Time Warp

Above: Time Warp as published in Mousse #30.

Each issue, the editors at Mousse invite a contributor to select a text or a group of texts to be reprinted in the magazine as part of their section “Reprint.” The reprinted work may be an article, a short essay, a piece of narrative, or something else, but the original layout is always kept. The scans are accompanied by a text/introduction by the contributor. I was delighted when they asked me to contribute and enjoyed the selection process enormously. The simple act of choosing a set of things and then writing something that helps to connect them was a productive one for me. My thanks to them for the opportunity, and for making it look great. — RG

Lydia Davis’s compact story “20 Sculptures in One Hour" begins like a word problem from a long-lost math class: "The problem is to see 20 sculptures in one hour." We wait for more, but that is the entirety of the problem, which is a classic half-empty or half-full scenario — though this one comes with a twist, as it must account not only for perception but for the passage of time. Once the problem is stated, Davis’s prose quickly double-backs on itself, repeating the worry that although "An hour seems like a long time" it also seems like "20 sculptures are a lot of sculptures." If anxiety can be described as the reflexive condition of worrying about worrying, then you might know where the first part of Davis’s story is heading.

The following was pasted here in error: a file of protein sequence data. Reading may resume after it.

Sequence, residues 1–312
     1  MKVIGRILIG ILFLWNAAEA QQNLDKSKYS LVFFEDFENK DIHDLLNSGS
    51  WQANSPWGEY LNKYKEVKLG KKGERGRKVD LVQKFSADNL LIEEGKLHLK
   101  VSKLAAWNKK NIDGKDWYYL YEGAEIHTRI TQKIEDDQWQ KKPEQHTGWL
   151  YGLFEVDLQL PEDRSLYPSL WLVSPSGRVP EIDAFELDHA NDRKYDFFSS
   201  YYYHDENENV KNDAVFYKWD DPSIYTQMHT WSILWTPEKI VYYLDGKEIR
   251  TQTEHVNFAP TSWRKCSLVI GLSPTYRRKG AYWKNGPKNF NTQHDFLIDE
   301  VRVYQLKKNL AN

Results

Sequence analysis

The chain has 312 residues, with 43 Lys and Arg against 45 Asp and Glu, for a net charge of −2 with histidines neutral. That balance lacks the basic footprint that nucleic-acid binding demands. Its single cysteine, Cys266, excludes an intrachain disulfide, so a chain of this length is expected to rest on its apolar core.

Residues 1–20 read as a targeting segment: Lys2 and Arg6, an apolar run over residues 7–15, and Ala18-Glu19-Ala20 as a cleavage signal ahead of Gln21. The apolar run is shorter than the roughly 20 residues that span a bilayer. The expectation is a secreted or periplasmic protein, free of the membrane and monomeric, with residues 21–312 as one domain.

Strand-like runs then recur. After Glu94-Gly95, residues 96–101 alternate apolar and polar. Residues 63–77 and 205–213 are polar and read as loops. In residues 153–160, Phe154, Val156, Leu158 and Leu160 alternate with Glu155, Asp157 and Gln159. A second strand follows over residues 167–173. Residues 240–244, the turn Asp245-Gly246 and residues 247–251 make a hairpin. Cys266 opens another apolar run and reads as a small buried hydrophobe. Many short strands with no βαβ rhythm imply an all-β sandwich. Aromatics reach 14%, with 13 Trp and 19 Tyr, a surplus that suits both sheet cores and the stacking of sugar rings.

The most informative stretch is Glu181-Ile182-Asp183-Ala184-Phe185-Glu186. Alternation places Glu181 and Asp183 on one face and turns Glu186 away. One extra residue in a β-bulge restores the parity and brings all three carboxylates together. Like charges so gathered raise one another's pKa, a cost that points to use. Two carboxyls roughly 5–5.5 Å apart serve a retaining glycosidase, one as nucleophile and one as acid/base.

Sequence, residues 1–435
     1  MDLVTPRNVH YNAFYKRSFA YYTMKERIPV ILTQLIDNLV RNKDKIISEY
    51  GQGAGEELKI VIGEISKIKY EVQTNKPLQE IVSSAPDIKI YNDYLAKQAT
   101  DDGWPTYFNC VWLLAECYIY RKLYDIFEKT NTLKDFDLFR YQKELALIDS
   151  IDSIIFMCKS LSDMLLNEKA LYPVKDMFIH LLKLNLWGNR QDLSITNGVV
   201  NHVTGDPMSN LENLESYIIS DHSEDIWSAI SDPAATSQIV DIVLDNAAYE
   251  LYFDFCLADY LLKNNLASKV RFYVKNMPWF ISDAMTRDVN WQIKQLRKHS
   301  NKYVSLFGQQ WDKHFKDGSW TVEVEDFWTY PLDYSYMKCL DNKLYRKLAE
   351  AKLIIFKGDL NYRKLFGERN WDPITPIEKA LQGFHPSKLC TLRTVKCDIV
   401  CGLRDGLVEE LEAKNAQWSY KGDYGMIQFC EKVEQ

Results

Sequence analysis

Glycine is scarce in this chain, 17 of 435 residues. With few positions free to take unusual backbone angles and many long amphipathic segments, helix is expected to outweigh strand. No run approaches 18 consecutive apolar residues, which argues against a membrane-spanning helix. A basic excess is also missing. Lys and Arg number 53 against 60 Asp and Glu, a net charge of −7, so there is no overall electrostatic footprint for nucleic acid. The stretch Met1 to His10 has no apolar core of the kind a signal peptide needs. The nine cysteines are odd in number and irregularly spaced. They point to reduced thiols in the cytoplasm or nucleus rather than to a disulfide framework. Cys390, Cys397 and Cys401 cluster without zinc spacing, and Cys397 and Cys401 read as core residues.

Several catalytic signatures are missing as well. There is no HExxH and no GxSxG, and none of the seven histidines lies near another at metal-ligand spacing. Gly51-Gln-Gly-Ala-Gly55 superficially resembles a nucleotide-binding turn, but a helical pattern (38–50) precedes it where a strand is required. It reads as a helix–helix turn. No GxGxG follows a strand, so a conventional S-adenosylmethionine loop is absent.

I love Davis’s story all on its own, but I had the desire to stretch it out, to make it last longer, to parse it more closely, to somehow freeze-frame each sentence in motion, like Muybridge’s famous photographic study of a galloping horse. Muybridge’s images were made at the behest of university founder Leland Stanford in order to prove a supposition by French naturalist and early photographer Étienne-Jules Marey that all four of a horse’s hooves left the ground while galloping. With the help of twelve special cameras, Muybridge captured “movements whose speed exceeded the perception of any painter’s eye,” writes Prof. Friedrich Kittler in Gramophone, Film, Typewriter, and proved Marey correct.

By 1882 Marey had developed something better than Muybridge’s cameras for recording bodies in motion. Combining Gatling’s mechanized machine gun with a multi-chambered camera developed for capturing the night sky through a telescope, Marey introduced a “chronophotographic gun” that could fire twelve frames per second. “Shooting” film was born.

The chronophotographic gun was soon aimed at one of Marey’s assistants, Georges Demeny, who produced images of himself speaking common phrases in an attempt to understand the motor functions of the face and mouth in producing speech. He used his simulations to teach deaf and mute patients at the Hôtel de Ville in Paris. The 20 millisecond-long exposures shown here animate Demeny as he speaks a declaration of love, “Je vous aime.”

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